My own bright land-my father's land-my child's!

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The Remedy of Love

When Cupid read this title, straight he said,
'Wars, I perceive, against me will be made.'
But spare, oh Love! to tax thy poet so,
Who oft bath borne thy ensign 'gainst thy foe;
I am not he by whom thy mother bled,
When she to heaven on Mars his horses fled.
I oft, like other youths, thy flame did prove,
And if thou ask, what I do still? I love.
Nay, I have taught by art to keep Love's course,
And made that reason which before was force.
I seek not to betray thee, pretty boy,
Nor what I once have written to destroy.
If any love, and find his mistress kind,
Let him go on, and sail with his own wind;
But he that by his love is discontented,
To save his life my verses were invented.
Why should a lover kill himself? or why
Should any, with his own grief wounded, die?
Thou art a boy, to play becomes thee still,
Thy reign is soft; play then, and do not kill;
Or if thou'lt needs be vexing, then do this,
Make lovers meet by stealth, and steal a kiss
Make them to fear lest any overwatch them,
And tremble when they think some come to catch them;
And with those tears that lovers shed all night,
Be thou content, but do not kill outright.—
Love heard, and up his silver wings did heave,
And said, 'Write on; I freely give thee leave.'
Come then, all ye despised, that love endure,
I, that have felt the wounds, your love will cure;
But come at first, for if you make delay,
Your sickness will grow mortal by your stay:
The tree, which by delay is grown so big,
In the beginning was a tender twig;
That which at first was but a span in length,
Will, by delay, be rooted past men's strength.
Resist beginnings, medicines bring no curing
Where sickness is grown strong by long enduring.
When first thou seest a lass that likes thine eye,
Bend all thy present powers to descry
Whether her eye or carriage first would shew
If she be fit for love's delights or no:
Some will be easy, such an one elect;
But she that bears too grave and stern aspect,
Take heed of her, and make her not thy jewel,
Either she cannot love, or will be cruel.
If love assail thee there, betime take heed,
Those wounds are dangerous that inward bleed;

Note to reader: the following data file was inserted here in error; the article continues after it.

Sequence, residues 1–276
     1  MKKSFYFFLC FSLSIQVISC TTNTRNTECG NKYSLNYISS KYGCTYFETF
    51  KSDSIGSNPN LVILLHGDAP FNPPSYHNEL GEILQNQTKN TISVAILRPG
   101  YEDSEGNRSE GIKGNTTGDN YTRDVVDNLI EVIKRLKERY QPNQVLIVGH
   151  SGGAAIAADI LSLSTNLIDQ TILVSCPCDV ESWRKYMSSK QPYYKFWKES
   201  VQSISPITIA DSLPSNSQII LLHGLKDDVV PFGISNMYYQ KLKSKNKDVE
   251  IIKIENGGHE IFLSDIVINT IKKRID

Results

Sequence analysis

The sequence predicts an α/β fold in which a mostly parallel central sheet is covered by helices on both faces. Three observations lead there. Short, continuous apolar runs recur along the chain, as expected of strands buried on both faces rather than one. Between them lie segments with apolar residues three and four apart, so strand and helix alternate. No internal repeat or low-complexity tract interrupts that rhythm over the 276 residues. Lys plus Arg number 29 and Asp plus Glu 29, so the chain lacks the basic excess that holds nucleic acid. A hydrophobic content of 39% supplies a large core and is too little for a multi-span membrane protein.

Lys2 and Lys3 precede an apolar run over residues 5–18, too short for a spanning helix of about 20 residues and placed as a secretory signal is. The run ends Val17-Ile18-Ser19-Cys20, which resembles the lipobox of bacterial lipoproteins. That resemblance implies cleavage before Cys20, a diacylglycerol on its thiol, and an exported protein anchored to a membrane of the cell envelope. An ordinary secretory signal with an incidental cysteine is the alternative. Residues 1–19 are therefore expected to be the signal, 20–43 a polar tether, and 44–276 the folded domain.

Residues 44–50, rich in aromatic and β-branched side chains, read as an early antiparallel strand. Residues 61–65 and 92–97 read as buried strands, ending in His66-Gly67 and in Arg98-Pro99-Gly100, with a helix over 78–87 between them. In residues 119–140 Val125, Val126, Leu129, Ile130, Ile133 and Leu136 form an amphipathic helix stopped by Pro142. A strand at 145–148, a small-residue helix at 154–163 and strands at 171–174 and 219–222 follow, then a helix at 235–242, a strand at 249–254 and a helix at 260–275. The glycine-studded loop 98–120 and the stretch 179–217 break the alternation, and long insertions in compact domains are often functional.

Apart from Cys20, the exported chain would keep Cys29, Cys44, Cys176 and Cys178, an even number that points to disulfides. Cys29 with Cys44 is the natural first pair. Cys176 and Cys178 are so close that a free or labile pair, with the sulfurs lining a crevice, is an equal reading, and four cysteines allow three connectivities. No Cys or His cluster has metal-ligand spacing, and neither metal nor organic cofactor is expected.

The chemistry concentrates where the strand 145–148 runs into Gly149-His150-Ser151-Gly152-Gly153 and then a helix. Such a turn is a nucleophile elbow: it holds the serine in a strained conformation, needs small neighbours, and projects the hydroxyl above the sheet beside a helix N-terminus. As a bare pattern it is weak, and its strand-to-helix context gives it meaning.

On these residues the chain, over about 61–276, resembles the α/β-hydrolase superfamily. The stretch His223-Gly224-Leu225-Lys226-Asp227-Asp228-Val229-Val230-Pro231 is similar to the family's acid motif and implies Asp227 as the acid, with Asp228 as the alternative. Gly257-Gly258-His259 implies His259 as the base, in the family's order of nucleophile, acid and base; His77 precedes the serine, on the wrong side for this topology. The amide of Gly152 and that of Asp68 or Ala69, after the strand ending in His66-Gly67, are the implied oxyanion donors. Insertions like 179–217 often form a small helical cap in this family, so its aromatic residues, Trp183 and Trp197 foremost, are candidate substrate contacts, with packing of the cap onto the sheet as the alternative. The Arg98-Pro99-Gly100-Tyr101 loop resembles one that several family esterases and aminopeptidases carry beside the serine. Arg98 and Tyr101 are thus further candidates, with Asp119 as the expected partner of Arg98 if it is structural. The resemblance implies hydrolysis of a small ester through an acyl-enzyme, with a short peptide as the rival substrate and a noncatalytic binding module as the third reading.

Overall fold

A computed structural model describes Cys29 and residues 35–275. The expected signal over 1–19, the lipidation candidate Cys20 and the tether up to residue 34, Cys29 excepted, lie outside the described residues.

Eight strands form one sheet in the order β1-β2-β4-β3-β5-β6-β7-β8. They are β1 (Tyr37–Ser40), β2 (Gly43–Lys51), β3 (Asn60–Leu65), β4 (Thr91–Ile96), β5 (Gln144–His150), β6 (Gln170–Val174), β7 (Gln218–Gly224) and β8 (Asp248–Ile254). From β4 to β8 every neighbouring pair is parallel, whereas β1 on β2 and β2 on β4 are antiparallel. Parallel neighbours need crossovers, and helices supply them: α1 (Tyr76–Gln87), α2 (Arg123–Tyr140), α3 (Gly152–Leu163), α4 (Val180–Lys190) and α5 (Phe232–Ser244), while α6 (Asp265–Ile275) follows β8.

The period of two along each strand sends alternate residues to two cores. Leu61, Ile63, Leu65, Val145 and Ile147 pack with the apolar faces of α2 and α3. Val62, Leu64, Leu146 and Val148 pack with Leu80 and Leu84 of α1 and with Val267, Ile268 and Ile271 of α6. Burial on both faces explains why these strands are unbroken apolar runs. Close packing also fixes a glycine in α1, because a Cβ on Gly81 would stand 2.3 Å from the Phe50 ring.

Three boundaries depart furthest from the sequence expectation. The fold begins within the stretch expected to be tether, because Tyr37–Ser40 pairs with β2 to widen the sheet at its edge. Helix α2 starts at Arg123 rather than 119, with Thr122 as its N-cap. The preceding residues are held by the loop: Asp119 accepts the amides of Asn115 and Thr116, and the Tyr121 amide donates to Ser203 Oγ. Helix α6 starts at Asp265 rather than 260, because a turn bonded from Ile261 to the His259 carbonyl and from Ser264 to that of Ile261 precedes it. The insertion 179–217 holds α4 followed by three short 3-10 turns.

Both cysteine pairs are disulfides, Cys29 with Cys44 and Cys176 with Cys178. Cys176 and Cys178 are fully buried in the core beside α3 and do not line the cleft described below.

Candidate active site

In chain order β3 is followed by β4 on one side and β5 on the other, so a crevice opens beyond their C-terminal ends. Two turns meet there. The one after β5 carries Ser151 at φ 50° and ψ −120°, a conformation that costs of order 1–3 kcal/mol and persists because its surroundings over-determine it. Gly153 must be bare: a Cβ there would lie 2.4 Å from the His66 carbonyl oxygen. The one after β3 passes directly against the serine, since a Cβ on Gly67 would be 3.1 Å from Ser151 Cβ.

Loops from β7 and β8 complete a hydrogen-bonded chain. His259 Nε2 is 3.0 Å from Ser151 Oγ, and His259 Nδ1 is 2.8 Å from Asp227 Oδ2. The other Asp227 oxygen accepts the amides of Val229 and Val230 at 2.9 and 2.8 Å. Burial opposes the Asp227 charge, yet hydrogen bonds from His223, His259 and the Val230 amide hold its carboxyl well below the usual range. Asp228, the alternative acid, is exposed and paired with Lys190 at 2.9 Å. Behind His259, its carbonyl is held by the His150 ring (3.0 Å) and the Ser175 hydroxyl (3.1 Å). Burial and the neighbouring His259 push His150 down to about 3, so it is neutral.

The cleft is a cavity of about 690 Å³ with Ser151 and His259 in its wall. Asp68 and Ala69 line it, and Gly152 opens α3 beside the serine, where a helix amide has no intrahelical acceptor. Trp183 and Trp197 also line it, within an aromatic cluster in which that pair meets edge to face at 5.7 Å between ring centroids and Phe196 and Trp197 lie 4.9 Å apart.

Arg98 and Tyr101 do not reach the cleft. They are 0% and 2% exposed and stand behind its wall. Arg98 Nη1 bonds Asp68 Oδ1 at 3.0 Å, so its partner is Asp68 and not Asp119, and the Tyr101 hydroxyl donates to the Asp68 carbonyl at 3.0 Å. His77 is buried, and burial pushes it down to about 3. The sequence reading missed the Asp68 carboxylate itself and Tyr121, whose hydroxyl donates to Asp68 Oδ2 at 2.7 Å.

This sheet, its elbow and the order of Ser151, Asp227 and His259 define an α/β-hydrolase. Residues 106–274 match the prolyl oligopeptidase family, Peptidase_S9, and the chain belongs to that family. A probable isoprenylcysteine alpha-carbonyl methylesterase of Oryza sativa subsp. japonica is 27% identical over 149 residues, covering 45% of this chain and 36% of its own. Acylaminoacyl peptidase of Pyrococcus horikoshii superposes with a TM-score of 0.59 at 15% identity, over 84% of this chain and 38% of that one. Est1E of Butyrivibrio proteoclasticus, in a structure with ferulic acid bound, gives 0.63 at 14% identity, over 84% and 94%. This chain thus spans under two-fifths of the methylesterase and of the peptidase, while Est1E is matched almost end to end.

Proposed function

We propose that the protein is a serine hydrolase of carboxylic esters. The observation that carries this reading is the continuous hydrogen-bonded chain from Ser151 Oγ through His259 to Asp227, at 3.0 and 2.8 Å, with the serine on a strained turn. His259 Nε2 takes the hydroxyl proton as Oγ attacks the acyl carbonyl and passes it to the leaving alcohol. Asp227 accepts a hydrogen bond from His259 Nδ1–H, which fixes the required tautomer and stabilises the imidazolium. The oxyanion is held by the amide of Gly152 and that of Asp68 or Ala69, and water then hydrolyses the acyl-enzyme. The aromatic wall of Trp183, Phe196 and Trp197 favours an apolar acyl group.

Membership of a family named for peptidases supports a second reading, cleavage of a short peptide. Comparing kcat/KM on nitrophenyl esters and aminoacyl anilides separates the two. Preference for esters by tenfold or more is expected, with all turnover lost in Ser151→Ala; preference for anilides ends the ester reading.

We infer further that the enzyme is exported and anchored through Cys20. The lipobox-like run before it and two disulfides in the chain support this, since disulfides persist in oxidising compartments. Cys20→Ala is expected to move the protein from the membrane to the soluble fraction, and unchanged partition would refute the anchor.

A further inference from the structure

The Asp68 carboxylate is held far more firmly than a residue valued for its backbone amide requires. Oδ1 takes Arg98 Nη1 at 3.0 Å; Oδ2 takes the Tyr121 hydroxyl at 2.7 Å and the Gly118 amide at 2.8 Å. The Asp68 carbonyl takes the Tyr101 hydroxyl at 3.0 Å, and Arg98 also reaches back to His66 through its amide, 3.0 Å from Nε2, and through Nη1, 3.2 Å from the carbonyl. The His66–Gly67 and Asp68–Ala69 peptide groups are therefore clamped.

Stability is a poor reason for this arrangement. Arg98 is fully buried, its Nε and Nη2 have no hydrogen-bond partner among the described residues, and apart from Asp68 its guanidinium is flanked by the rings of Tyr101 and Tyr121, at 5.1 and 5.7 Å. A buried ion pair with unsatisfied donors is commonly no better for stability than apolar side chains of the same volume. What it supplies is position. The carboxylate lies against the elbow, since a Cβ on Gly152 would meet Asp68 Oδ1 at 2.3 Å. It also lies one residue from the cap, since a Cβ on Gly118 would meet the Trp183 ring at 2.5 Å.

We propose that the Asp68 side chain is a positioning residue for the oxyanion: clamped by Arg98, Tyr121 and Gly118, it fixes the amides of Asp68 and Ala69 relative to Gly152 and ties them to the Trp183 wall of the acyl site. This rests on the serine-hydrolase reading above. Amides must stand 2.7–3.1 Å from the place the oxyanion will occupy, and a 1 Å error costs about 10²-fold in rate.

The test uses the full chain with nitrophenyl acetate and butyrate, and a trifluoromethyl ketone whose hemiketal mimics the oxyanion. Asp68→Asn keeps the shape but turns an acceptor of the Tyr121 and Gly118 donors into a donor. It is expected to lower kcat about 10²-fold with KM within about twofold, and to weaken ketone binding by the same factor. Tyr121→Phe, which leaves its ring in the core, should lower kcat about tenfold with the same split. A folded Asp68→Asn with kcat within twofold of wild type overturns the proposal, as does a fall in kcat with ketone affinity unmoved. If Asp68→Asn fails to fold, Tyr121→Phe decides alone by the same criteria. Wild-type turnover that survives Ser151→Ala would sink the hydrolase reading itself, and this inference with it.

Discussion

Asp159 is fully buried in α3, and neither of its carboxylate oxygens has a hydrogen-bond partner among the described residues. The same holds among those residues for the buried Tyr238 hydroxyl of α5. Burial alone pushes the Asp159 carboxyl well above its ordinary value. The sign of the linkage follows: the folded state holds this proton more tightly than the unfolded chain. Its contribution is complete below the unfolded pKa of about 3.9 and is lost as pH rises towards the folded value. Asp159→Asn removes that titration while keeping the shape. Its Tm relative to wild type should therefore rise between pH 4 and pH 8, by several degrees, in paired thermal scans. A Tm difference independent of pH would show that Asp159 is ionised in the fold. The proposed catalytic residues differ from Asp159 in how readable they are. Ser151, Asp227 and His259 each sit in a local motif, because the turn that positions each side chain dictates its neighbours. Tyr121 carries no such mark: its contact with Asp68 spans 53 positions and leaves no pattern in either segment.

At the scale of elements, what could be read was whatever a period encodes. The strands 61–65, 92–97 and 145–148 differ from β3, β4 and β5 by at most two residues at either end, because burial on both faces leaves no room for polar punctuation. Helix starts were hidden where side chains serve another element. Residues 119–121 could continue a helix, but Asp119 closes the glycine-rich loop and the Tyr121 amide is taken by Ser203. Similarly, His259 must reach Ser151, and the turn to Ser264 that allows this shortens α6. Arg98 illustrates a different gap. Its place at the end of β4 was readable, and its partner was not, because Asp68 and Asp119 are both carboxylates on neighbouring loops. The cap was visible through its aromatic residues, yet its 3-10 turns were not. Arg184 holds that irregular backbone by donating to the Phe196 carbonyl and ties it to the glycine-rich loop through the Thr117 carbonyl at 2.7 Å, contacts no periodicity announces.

He that to-day cannot shake off love's sorrow,
Will certainly be more unapt to-morrow.

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Matthew Arnold

Sohrab and Rustum

And the first grey of morning fill'd the east,
And the fog rose out of the Oxus stream.
But all the Tartar camp along the stream
Was hush'd, and still the men were plunged in sleep;
Sohrab alone, he slept not; all night long
He had lain wakeful, tossing on his bed;
But when the grey dawn stole into his tent,
He rose, and clad himself, and girt his sword,
And took his horseman's cloak, and left his tent,
And went abroad into the cold wet fog,
Through the dim camp to Peran-Wisa's tent.

Through the black Tartar tents he pass'd, which stood
Clustering like bee-hives on the low flat strand
Of Oxus, where the summer-floods o'erflow
When the sun melts the snows in high Pamere
Through the black tents he pass'd, o'er that low strand,
And to a hillock came, a little back
From the stream's brink--the spot where first a boat,
Crossing the stream in summer, scrapes the land.
The men of former times had crown'd the top
With a clay fort; but that was fall'n, and now
The Tartars built there Peran-Wisa's tent,
A dome of laths, and o'er it felts were spread.
And Sohrab came there, and went in, and stood
Upon the thick piled carpets in the tent,
And found the old man sleeping on his bed
Of rugs and felts, and near him lay his arms.
And Peran-Wisa heard him, though the step
Was dull'd; for he slept light, an old man's sleep;
And he rose quickly on one arm, and said:--

"Who art thou? for it is not yet clear dawn.
Speak! is there news, or any night alarm?"

But Sohrab came to the bedside, and said:--
"Thou know'st me, Peran-Wisa! it is I.
The sun is not yet risen, and the foe
Sleep; but I sleep not; all night long I lie
Tossing and wakeful, and I come to thee.
For so did King Afrasiab bid me seek
Thy counsel, and to heed thee as thy son,
In Samarcand, before the army march'd;
And I will tell thee what my heart desires.
Thou know'st if, since from Ader-baijan first
I came among the Tartars and bore arms,
I have still served Afrasiab well, and shown,
At my boy's years, the courage of a man.
This too thou know'st, that while I still bear on
The conquering Tartar ensigns through the world,